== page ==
Joshua’s Story

Joshua’s Story

Since we began ABA/VB  program at home three years ago, Joshua’s life and our life as a family has been transformed.  Unfortunately, ABA is not written in his statement. Therefore, the strategies we have at home which works for Joshua are not implemented at school. 

For the past six years, going back to school on a Monday morning has always been difficult for Joshua.  He generally has a miserable Sunday afternoon worrying about going back to school the following morning.  A return to school after summer break has also been very difficult whereby it would take him about 4 to 5 weeks to settle into the school routine.  When he then returns for the second half of the term, he goes through another upheaval due to change of school routine in reparation for the festive season.  Generally, the spring and summer terms are relatively better for him.   

For the past few years, going away on holiday has also been particularly difficult even when the holiday destination is one of Joshua’s favourite.  

We began using the HBOT at the beginning of July 2014 and by the time we went on holiday in Mid-August, we have done about 30 hours.  Much to most children with ASD and parents’ nightmare, we had a 4 hour delay at the airport and were told that some of us could stay at the nearest hotel to the airport overnight.  This uncertainty and sudden change would normally trigger Joshua’s challenging behaviour whereby he becomes anxious and extremely rude.  Much to my astonishment, he was very relaxed and playful throughout the waiting time.   When we finally boarded the plane, a very young child screamed for about 15 minutes before he fell asleep.  This would normally be another trigger point for an already stressed out Joshua.  When I explained to him that the baby could be suffering from tummy ache, Joshua said ‘Oh! I feel sorry for the baby!’ and stayed calm. Overall, we had one of the best holiday ever where Joshua managed to make few friends on the day we arrived and had a wonderful time throughout our stay.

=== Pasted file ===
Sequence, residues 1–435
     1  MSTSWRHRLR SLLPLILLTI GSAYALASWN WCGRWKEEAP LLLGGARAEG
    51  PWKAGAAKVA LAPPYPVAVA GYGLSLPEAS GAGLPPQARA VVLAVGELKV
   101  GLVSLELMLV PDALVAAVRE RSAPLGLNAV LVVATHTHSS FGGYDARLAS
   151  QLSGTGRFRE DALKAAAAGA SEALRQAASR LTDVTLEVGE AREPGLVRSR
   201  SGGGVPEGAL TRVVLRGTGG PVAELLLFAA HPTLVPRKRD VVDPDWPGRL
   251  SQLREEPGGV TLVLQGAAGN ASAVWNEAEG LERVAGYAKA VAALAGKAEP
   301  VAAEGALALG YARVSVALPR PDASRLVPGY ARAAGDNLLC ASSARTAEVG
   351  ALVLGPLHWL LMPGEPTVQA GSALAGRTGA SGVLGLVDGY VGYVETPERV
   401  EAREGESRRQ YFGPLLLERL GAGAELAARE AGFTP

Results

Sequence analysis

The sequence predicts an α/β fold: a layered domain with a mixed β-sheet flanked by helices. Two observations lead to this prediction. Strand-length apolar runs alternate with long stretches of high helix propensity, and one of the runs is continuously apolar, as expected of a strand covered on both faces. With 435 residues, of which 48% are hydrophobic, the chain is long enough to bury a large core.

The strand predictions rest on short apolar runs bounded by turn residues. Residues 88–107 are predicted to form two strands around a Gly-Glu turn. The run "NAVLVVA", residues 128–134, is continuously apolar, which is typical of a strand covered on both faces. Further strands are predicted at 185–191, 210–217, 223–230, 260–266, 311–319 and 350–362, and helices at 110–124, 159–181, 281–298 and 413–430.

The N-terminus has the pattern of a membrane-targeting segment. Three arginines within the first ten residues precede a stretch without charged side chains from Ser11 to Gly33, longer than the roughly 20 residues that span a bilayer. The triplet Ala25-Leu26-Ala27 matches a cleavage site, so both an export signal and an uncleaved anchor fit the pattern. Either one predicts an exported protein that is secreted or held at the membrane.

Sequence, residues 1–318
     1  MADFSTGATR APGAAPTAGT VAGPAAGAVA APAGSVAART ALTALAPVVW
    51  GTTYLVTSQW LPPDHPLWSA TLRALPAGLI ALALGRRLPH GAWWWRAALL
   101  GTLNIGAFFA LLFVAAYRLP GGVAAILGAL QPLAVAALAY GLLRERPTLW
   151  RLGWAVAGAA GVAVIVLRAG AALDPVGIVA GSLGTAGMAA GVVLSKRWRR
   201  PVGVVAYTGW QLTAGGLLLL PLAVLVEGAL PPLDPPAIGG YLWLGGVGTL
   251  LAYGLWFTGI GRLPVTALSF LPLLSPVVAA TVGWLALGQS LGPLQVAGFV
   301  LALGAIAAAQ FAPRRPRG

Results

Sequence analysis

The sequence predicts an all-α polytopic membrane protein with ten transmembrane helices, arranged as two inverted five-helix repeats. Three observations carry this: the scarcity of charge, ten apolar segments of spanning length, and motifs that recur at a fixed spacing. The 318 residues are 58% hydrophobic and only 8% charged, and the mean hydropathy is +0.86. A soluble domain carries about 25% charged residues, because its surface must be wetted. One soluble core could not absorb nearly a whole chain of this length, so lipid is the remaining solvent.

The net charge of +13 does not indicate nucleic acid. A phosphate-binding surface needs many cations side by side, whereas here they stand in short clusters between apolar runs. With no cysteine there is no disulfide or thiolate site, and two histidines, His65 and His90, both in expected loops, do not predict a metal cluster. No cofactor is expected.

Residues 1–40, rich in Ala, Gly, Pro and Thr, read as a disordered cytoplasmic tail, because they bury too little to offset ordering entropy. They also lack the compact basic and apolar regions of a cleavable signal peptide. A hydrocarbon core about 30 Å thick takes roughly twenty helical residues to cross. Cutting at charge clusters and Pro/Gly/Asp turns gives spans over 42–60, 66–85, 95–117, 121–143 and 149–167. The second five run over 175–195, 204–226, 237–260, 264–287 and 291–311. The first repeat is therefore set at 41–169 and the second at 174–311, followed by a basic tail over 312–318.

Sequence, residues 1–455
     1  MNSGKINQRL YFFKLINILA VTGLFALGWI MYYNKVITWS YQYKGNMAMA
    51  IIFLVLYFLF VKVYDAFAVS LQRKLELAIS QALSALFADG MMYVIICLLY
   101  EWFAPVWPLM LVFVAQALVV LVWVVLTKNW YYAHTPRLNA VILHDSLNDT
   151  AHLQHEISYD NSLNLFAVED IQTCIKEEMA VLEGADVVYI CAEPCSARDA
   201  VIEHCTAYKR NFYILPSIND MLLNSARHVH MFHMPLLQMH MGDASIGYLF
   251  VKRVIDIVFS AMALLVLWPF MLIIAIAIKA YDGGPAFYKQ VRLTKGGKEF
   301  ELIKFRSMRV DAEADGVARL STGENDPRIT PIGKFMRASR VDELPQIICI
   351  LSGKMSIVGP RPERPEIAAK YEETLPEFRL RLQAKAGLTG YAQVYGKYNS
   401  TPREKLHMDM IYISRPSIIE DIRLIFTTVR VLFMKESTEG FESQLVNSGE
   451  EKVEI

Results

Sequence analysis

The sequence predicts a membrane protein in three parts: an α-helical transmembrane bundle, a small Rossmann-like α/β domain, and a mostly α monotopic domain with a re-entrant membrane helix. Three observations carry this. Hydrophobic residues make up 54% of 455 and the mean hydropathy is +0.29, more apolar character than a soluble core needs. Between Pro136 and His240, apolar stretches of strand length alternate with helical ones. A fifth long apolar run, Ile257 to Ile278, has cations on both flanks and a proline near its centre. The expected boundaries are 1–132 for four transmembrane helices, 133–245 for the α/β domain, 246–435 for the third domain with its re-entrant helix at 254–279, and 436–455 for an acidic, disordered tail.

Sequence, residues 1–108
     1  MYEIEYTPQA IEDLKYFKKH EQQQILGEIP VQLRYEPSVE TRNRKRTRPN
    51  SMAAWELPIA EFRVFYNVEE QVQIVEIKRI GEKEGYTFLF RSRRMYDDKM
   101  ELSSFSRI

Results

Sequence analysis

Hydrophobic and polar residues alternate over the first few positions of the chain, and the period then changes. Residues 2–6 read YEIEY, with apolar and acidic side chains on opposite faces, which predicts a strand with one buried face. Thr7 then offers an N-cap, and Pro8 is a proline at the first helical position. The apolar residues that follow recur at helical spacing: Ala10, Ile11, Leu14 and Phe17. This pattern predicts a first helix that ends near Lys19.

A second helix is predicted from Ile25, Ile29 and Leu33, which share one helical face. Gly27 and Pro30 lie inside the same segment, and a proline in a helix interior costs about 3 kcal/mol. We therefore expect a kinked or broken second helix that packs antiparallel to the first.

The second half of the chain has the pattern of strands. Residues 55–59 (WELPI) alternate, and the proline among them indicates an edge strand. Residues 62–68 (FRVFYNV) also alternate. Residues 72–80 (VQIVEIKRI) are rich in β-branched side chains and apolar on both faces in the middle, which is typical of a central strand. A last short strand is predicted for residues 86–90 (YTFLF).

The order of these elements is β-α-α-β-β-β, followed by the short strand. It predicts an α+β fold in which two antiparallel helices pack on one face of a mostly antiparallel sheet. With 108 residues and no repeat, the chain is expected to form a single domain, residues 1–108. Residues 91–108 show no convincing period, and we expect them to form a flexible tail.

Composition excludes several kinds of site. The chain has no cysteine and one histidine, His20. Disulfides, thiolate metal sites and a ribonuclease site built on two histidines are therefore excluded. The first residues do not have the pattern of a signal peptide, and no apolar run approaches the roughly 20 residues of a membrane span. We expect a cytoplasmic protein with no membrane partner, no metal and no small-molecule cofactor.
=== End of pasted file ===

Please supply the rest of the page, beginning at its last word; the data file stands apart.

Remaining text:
When we returned from holiday, we continued using the oxygen chamber for the rest of the summer break.  During this time, Josh was negative about going back to school as usual.  Few days before going back to school we begun using social stories which we have done in the past few years with very little impact.  This year, as soon as we begun going through the social stories the negative comments subsided.  We also set up a daily school target for him with motivating reward. Again, we have tried to implement similar strategies in the past few years but failed due to    strategies not being followed through at school.  Much to my delight, Joshua responded well and met his targets at least 3 days out of five and some weeks four days out of five. The return to school after the summer break has been the most successful this year.  Josh still has some outbursts/challenging behaviour but they are minor ones and short lived. 

I have just come back to work after spending the half term break with Joshua which was a stress free and fun week.  The highlight of our week was when I told him that we will be going to central London to see a Lego Sculpture exhibition.  As we began our journey, walking towards the tube station, Josh begun to whine, saying that he would rather stay at home to watch his favourite TV shows.  When I told him ‘mum is feeling sad and upset’ he went quiet for few minutes and completely calmed himself.  We had a wonderful afternoon and I had to drag him out of the exhibition in the end.  Yesterday and this morning he has not once complained about going back to school. Instead he is looking forward to seeing his friends, which is a first in 6 years of his school life.

We have so far done about 85 – 95 hours of HBOT.  During this time we have noticed     that Joshua’s angry outbursts are becoming less intense.  We are seeing more of the happy and cheeky Joshua and less of the angry Joshua.  We are now moving on from teaching the basic managing emotions stage to teaching him acceptable and unacceptable manners through the use of social stories. The daily reports written in his home-school book have more positives than negative days.  For the first time in 6 years Joshua has not hit a child at school for the whole of the first half term.  Normally, there will be at least two or three of such incidents.  In class rooms he wants to work independently like the rest of his peers.  At lunch time, he no longer wants to isolate and engage himself in his obsessive interest.   He has begun to join into various games that his friends play including football which I thought would be a very complex game both in terms of social skills and motor planning. 

In the past three years, Joshua had social skills therapy, speech and language, OT and Physiotherapy.  I can only attribute Joshua’s significant improvement in social skills to two interventions we have used for the past six months; HBOT and Physiotherapy.